The Census Bureau has projected that whites could drop below 50 percent of the population around 2045, a relatively slow-moving change that has been years in the making. But a new report this week found that whites are dying faster than they are being born now in 26 states, up from 17 just two years earlier, and demographers say that shift might come even sooner.
“It’s happening a lot faster than we thought,” said Rogelio Sáenz, a demographer at the University of Texas at San Antonio and a co-author of the report. It examines the period from 1999 to 2016 using data from the National Center for Health Statistics, the federal agency that tracks births and deaths. He said he was so surprised at the finding that at first he thought it was a mistake.Other states subject to this trend include several won by Donald Trump in 2016: Ohio, Pennsylvania, West Virginia and Michigan ... as well as Oklahoma, Arkansas, New Mexico, Mississippi, Alabama, Florida, and the Carolinas. Georgia, Virginia, Louisiana and Texas are exceptions among southern states.
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The aging of the white population began in rural counties long before it ever took hold in an entire state. Martin County, a bear-shaped patch of eastern North Carolina, first experienced it in the late 1970s. In recent years, deaths have exceed births among its black population, too. Hispanics make up less than 4 percent of the county’s population.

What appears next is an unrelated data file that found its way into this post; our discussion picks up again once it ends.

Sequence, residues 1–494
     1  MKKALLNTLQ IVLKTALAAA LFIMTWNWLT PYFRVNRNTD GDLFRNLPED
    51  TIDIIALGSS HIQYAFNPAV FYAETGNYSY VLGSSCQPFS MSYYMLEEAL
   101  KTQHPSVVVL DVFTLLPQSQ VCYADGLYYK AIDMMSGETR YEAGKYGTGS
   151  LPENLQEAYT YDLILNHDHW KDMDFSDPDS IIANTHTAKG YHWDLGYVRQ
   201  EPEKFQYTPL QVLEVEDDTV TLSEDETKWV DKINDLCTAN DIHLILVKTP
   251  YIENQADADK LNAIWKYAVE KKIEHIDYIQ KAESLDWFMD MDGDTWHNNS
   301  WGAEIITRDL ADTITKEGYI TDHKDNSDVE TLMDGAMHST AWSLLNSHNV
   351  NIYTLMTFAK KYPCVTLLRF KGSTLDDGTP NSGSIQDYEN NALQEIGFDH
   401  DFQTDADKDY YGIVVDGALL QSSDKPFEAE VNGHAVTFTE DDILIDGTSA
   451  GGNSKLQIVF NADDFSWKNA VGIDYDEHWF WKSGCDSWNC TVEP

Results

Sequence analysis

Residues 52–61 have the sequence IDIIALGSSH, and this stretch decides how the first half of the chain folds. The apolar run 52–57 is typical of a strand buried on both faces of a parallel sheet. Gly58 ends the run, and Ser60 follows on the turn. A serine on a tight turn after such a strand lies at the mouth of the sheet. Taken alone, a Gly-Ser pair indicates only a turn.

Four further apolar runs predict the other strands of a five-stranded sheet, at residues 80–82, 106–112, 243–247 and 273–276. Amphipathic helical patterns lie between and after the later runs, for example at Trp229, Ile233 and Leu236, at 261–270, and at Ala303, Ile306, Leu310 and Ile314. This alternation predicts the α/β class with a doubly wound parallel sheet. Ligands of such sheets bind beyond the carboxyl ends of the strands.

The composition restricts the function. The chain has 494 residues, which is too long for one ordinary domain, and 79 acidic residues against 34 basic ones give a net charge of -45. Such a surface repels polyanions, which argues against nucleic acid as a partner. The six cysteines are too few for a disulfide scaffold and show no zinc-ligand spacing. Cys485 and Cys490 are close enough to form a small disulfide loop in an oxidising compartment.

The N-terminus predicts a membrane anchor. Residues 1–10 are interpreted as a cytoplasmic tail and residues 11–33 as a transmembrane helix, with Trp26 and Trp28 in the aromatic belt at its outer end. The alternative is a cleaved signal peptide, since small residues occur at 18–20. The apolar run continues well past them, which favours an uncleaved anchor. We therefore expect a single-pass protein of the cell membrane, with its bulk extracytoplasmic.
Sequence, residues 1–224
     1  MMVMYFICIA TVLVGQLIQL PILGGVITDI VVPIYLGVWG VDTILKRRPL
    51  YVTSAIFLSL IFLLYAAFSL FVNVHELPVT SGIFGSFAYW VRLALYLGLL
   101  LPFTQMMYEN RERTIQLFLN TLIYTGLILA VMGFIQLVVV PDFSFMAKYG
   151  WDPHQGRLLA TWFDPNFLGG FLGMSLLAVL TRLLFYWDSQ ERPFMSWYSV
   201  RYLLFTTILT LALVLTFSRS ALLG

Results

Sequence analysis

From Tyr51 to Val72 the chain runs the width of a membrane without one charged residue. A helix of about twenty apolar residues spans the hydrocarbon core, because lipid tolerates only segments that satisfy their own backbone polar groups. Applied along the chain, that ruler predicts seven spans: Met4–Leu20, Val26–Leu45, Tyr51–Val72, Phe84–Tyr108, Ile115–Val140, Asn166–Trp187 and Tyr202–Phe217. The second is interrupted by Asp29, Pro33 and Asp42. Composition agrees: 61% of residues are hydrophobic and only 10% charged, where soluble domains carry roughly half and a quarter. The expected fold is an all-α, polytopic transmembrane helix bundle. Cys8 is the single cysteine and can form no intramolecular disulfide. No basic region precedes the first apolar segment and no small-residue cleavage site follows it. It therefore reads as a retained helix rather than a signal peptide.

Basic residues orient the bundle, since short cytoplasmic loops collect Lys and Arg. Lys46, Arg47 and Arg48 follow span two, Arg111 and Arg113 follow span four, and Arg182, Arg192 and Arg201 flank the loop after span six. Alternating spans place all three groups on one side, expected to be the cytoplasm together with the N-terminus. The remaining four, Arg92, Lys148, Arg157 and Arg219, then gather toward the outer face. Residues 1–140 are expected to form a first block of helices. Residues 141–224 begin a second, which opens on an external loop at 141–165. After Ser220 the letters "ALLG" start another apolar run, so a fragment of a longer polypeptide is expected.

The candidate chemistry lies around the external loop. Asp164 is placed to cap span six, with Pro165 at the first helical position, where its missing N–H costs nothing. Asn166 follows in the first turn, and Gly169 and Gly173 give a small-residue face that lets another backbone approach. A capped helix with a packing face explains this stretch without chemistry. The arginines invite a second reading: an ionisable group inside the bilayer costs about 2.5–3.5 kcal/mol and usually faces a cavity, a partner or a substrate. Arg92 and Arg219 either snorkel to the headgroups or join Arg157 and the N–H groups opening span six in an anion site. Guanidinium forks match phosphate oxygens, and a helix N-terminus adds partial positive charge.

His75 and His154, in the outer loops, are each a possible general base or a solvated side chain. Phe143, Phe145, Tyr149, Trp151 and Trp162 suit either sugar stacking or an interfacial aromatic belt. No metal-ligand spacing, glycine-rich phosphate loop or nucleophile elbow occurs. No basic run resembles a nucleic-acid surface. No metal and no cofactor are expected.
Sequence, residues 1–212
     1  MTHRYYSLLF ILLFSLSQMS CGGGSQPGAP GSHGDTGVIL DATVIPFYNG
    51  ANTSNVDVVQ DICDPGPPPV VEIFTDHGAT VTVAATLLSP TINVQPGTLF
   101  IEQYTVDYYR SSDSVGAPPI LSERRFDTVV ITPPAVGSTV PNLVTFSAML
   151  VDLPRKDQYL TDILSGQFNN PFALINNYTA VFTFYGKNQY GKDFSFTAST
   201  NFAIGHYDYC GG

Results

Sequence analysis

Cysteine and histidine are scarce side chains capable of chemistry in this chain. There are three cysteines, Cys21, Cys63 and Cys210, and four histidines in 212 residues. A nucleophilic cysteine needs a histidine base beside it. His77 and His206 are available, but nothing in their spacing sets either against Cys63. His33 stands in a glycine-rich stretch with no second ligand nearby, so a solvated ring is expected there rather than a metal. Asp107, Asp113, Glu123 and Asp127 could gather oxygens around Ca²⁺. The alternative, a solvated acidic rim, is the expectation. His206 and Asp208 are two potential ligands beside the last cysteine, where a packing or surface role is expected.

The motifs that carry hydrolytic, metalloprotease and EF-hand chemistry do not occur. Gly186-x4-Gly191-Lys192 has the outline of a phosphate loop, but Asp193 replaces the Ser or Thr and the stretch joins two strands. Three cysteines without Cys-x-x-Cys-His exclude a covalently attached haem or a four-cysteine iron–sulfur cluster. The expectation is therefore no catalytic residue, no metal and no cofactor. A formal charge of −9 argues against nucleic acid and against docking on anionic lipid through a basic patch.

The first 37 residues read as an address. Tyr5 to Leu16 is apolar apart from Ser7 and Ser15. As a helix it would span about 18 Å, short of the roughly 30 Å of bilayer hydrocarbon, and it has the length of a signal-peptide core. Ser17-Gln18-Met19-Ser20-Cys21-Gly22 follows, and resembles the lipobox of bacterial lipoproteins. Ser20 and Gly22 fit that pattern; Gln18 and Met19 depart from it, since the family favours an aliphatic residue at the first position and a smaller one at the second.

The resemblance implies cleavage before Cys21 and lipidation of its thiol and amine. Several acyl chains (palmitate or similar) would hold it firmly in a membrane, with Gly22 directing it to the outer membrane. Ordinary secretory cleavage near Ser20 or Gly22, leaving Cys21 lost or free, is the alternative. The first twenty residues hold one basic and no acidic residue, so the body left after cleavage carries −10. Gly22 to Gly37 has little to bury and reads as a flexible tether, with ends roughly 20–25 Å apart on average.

Of interest elsewhere in the country is the fact that all of New England is experiencing more white deaths than births. Indeed, among states in the northeast, only New York is an exception to this trend. The Midwest--broadly defined--is the most persistently resistant to this trend.
The New York Times published this op-ed last month which analyzes the trend from a global perspective. The piece, by Philip Auerswald and Joon Yun, also discusses the political correlations to this demographic trend, in countries from Italy to Japan.
In the past decade people in rural, remote places have been disproportionately losing not just jobs and opportunities, but people, elementary schools and confidence in the future. ... Against such a backdrop of general decline, populists’ promises to revive dead or dying local industries are understandably welcome.
As youth have continued to migrate from rural areas to cities, their movement has widened not only the median age gap between rural places and cities, but also gaps in attitude, since the young, regardless of where they live, tend to associate more with urban outlooks.
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Election data from the past two years plainly describe the consequences of these demographic dynamics: Most advanced industrialized countries are dominated by two competing political movements that either awkwardly inhabit the bodies of existing political parties or create new ones more to their liking. One movement extols the values that are a practical necessity in dense, interconnected cities: interdependence, internationalism and the embrace of “diversity” (defined along multiple dimensions).
Another movement extols the equally necessary virtues of people in rural areas: self-reliance, autonomy and the embrace of immediate community and place.Cross-posted to Legal Ruralism.